I agree with the previous comment in regard to "why risk it". But I will add that the curveball is thrown in a differant manner than when I grew up. When I grew up we were "taught to snap our fingers" to get a good break. This is also the form that causes Tommy John surgery. I do know from my talks with pitching coaches that there is a differant form that pitchers are taught to throw curveballs, and it is safe on the arm. Even after a couple of sessions with a cetain pitching coach, I still don't teach curveballs. In addition, if I see one of my players trying to throw one, I won't pitch him. At 12 and under, I don't see any reason to throw curveballs, so I am not going to take the risk. I will let the high scholl coaches teach the proper form for throwing a curveball, I'll take care of throwing mechanics at this level.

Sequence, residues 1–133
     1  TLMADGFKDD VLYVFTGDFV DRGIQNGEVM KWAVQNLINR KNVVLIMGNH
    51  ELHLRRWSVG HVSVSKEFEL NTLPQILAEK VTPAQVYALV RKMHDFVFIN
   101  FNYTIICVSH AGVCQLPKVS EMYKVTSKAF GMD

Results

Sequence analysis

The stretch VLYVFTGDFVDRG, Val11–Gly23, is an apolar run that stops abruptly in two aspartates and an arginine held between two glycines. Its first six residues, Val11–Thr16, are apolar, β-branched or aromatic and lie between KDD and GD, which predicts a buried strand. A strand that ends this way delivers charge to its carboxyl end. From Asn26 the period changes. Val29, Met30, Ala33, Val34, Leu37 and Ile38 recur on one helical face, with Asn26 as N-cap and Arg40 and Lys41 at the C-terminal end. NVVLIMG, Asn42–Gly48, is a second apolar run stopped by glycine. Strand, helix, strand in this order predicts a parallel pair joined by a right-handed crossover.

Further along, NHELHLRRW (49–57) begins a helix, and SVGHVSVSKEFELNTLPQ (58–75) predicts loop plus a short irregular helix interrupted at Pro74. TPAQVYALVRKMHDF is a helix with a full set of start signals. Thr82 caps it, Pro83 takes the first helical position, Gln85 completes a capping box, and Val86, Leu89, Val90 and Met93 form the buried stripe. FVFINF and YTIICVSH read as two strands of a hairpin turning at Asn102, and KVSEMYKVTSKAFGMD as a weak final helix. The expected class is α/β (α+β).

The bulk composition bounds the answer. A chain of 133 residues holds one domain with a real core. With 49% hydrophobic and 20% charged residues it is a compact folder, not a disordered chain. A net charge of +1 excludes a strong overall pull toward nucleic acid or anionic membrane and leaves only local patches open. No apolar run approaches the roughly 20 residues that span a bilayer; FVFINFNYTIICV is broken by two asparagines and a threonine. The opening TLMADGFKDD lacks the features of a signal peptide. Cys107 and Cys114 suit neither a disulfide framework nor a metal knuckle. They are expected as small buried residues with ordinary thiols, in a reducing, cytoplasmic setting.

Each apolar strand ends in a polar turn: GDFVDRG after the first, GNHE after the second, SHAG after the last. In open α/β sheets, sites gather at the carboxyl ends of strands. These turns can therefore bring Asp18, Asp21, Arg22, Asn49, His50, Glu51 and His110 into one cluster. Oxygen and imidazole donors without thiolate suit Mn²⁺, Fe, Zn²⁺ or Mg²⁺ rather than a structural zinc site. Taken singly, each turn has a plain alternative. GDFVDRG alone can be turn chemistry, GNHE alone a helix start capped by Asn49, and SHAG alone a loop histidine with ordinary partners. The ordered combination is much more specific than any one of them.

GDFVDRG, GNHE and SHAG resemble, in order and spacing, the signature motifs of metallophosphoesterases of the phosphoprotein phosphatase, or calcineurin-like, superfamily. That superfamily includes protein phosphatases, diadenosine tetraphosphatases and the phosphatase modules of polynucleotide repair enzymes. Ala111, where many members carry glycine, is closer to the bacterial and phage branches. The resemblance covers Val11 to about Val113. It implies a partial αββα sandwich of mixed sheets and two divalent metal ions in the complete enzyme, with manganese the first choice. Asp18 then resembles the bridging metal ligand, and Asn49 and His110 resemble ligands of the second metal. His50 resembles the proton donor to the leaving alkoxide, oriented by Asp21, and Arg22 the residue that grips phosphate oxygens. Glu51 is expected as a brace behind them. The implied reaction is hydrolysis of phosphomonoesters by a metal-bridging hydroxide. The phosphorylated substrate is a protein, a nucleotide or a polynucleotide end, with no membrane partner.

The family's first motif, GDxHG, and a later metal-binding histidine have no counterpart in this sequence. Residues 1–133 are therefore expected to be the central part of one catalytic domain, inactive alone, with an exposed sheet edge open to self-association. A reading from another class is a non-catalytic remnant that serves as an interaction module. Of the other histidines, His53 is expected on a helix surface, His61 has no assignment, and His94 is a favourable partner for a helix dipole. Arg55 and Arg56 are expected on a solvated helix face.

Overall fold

This seems like an older post, but I want to add my opinion. First off, I have coached a team for 6 years, and I have tried to give equal playing time to each child. This has been a recreational team that I have coached, so I felt that it warranted equal playing time. As my son has gotten a little older, I am consiering a move up to a more competitive league, and play in some tournaments. I believe that I would have to modifying my practice of equal playing time. I am also going to try to consider the long term consequences of not playing certain players. If I don't give a player enough playing time, I don't think that they will be willing to come back to my team the next year. This would mean that I would not be able to develop young talent. This will also hamper the ability of the team to get better on a season by season basis. I would be constantly trying to recruit new players to replace players who left to find a team that would provide more playing time. In watching other competitive/traveling teams, I have noticed that the better teams work each player into meaningful playing time so that each player feels they are a part of the team. This seems to be a tricky part of competitive baseball, if you don't give playing time, you will constantly be looking for new players. I can provide an example of the team that my son played for this year. He tried out for and made a competitive team in addition to the recreation team that I coach. The team was trying to replace 7 players from the previous season because those players did not feel they were part of the team, so they left. There are 3 coaches as well as 2 "friends" of the team, and that pretty much makes up the infield. The coaches rotate the catcher and the outfield, while the coaches kids and friends never play outfield or sit on the bench. While this is a pretty good team, I have heard the coaches asking what they have to do to keep the kids happy and keep them on the team for the next season. If they can't see what they are doing wrong, I don't want to get in an argument, so I am just going to have my son finish the season and see if he wants to return next season. I already know he does not. But this is a good team that get's worse each season because they don't develop talent, and many of the players feel like outsiders. It is also interesting that I have heard the coaches comment that they are getting beat by teams that they used to beat in the past. In addition, I see that as the season goes on, they are getting beat by teams they beat earlier in the year. Just my $0.00